Tag Archives: Red Hook Ball Fields

Ring in Spring With Tacos, Markets and Ball Field Feasts

Yay! Finally something useful is moving to a street I frequent. First Oaxaca Tacos opened around the corner from us on Smith Street, making for the first fast, friendly and delicious place for delivery or a quick late-night meal at the bar. Now, Oaxaca is opening an outpost on 4th Ave., between President and Carroll Streets, which is wonderfully convenient for me, since it’s right around the corner from where my children go to school.

Fourth Ave. is otherwise pretty barren, save for Root Hill Café, Brooklyn Lyceum a bit further down and the down home Latin American food at Yomaris Restaurant. So the addition of Oaxaca Tacos is most welcome. I already predict after school visits for a quick bite, or stopping in for a late lunch when I arrive too early for school pickup.

I’m a fan of the soft tacos, especially the fish, or the bowls of rice and beans with chicken mole or carne asada and all the trimmings. There’s no opening date yet beyond early April  for the new Oaxaca at 250 Fourth Ave., according to the website, but the sign is up and the bodega it replaces is long gone.

What a nice change to have something I like in a useful location. From our Carroll Gardens address we manage to be just far enough away from everything we utilize; walk up to Henry Street for bread and bagels (Mazzola + Marius), hike up Court Street for Citibank and CVS, down to Atlantic Ave. for cheese, olives and pita bread (Sahadis + Damascus Bakery), Atlantic again to cruise Urban Outfitters and soon Barneys Co-op. Now if we can get someplace on Smith Street, near Degraw please,  to get a good cup of coffee and a fresh baguette, I’ll stop complaining.

Oh, and speaking of good stuff, I should mention that the Carroll Gardens Greenmarket, which sets up outside of PS 58 and across from Carroll Park, resumes Sunday, April 11.

Also good news for fans of tacos and beyond, the beloved Red Hook Ballpark vendors will be setting up their stalls again May 1.  And the satellite vendors at the Brooklyn Flea’s Fort Greene and Hanson Place venues will be at your service from Sunday, April 11.

Spring is in the air at last …

No Soup For Me?

The Soup in Question

I was skeptical to say the least, but oddly fascinated by the concept of cooking tuna in a soup. Applying heat to a fresh, ruby-red chunk of tuna is sacrilege in my book. So what was my dear friend thinking, urging me to come over for a bowl of her latest creation; an Ecuadoran style tuna soup. I’ve not been to Ecuador, and being born and bred in Australia, have little knowledge of the style of cooking.  But for me, tuna is all about sashimi, keeping it raw or just seared, at most. I did grow up with fish soups, mind you, but the ones my maternal grandmother made were a hearty mix of sturdy white fish, perhaps some fat prawns for good measure, but never tuna.

Yuca, another dominant ingredient in this soup, was also foreign to me.  I’ve since learned that it also goes by the names cassava or manioc, and is a long, slim tuber (like a long potato) with bark-like skin. It’s often sold in bins outside NY bodegas, or cut and peeled in the frozen section of most supermarkets. All that said, there are  few things I won’t at least try. so I agreed to go and just look at the soup, and see if perhaps I dared a taste.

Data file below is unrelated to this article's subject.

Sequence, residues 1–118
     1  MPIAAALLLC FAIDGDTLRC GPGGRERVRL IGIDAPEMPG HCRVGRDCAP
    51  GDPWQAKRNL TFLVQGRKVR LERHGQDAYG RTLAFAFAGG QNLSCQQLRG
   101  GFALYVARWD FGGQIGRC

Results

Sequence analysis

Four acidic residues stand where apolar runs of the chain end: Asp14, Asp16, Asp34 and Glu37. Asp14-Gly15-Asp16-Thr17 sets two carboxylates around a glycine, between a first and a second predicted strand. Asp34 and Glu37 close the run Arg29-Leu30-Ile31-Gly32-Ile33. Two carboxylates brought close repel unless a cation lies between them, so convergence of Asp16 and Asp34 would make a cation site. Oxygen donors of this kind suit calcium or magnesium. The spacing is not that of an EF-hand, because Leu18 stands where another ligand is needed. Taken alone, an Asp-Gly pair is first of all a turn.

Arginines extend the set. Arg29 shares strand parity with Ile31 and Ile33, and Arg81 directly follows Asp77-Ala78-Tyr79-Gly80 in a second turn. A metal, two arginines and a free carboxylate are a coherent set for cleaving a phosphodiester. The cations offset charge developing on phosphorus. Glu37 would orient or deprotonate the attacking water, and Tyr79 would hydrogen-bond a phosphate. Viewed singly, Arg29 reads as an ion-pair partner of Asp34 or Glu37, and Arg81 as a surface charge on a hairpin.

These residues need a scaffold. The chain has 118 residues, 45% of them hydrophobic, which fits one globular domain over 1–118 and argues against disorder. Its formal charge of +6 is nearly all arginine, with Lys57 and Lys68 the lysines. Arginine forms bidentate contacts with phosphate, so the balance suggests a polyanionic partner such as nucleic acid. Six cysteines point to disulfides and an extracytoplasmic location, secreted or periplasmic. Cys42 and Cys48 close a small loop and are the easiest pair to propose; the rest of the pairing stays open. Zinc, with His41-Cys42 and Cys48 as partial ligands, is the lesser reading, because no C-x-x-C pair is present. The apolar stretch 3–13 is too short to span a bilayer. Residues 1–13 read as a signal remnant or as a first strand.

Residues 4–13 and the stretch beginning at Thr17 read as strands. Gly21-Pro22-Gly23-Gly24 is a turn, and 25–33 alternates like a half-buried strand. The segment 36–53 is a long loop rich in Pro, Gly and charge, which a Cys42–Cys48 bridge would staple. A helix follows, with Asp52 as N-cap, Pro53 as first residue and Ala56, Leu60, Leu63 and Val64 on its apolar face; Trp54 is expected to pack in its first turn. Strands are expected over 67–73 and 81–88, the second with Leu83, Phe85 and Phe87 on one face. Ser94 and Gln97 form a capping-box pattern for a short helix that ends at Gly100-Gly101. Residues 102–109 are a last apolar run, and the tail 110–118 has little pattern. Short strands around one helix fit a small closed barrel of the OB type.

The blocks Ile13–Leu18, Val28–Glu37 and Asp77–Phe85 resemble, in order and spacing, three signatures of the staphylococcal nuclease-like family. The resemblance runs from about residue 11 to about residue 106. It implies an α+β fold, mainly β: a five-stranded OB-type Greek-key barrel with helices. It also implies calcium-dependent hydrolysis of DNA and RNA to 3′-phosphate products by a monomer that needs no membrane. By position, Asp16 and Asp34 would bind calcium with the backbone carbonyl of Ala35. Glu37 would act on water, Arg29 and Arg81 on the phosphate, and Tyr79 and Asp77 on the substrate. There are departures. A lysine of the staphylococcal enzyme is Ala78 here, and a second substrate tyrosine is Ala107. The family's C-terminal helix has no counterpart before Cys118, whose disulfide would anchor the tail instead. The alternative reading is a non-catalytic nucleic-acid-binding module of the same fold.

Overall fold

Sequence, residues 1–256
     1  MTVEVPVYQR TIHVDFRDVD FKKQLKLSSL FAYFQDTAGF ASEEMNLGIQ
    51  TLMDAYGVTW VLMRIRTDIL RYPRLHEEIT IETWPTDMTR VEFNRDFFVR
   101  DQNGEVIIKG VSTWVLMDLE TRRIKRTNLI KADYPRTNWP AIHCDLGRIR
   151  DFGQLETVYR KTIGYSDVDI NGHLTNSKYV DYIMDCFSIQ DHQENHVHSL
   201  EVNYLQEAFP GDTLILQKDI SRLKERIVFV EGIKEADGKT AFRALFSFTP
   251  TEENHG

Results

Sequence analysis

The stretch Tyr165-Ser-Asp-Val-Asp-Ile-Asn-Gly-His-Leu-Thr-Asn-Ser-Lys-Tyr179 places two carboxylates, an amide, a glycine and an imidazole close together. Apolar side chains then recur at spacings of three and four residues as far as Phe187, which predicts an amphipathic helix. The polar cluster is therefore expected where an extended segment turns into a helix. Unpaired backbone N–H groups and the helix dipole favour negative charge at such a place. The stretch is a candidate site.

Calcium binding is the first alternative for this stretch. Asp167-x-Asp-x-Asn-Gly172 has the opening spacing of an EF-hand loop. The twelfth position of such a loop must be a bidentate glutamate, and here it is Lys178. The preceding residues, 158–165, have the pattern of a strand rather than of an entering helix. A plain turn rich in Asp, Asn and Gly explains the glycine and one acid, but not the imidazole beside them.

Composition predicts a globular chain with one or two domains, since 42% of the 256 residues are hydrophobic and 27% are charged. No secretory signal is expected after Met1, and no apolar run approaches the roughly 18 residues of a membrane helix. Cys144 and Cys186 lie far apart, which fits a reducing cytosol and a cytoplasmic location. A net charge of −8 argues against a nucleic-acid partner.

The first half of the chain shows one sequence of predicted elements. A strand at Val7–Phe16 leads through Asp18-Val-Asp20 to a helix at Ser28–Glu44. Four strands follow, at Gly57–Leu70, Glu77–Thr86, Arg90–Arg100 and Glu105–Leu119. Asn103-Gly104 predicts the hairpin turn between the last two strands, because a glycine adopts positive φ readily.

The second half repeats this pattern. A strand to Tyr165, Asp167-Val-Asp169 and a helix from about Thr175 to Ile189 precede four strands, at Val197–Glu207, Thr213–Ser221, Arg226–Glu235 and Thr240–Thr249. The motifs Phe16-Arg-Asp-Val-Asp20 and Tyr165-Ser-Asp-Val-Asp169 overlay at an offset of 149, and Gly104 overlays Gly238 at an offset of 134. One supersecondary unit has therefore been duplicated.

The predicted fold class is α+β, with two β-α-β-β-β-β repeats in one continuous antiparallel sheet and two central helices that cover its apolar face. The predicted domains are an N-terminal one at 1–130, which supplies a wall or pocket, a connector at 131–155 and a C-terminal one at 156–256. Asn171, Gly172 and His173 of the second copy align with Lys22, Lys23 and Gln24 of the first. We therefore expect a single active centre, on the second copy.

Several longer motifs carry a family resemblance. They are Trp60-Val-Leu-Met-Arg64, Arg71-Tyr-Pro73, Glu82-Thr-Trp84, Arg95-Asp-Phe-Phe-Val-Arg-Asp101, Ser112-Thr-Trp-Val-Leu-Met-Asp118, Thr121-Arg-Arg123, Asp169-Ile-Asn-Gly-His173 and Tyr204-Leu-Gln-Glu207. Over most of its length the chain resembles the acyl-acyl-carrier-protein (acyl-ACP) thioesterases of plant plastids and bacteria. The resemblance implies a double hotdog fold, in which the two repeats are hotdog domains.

Well, I had it all wrong. The soup was utterly delicious. The chunks of tuna were poached in a fish stock and doused in lime juice, a smattering or red onions and fresh chopped tomato, then all kind of bound together with nuggets of sweet, starchy yuca.  Even my kids lined up for bowls; thinking they were eating potato cooked in broth.

I haven’t made it myself yet, but I am already thinking to replace the tricky-to-prep yuca with some potato and/or a handful of rice to make it a more substantial meal. And I will definitely toss in some fresh red chilli to balance the lime and give more bite. My experimental friend was inspired to make the soup after tasting a version at the Red Hook ball fields where for some 30 years cooks from all over Latin America have gathered at weekends to sell foods from their homelands. I guess that’s where I’ll be going come spring, once the food sellers set up shop again.

Meantime, here is a  recipe for the tuna soup or Encebollado De Atun that won me over.


1 lb yuca, peeled, cored and cut into 1-1/2″ pieces
3 tbsp olive oil
1 white onion diced
4 plum tomatoes diced
6 cloves garlic finely-chopped
1 gallon fish stock
1 1/2 lb tuna cut in 2″ pieces
parsley chopped
1 bunch cilantro leaves chopped
salt and freshly ground black pepper
1 red onion, thinly sliced
6 limes quartered
corn nuts


Place the yuca in a large stockpot and add water to cover. Bring to a boil,
then lower the heat and simmer gently for about 30 minutes. Remove from
the heat and let cool in the water.

Heat the oil in a separate stockpot over high heat. Add the onion and half
of the tomatoes and cook for 10 minutes. Add the garlic and stock, and
bring to a boil. Decrease the heat to low and simmer for 20 minutes. Add
the tuna and yuca and cook for 5 minutes.

Stir in parsley and cilantro and season to taste with salt and pepper.
Immediately ladle the soup into bowls. Float some of the red onion slices
on the surface of each serving, and top with the remaining diced tomatoes.
Squeeze lime juice over the onions and sprinkle the corn nuts over the
onions and tomatoes. Serve with the remaining lime wedges on the side.

Serves 6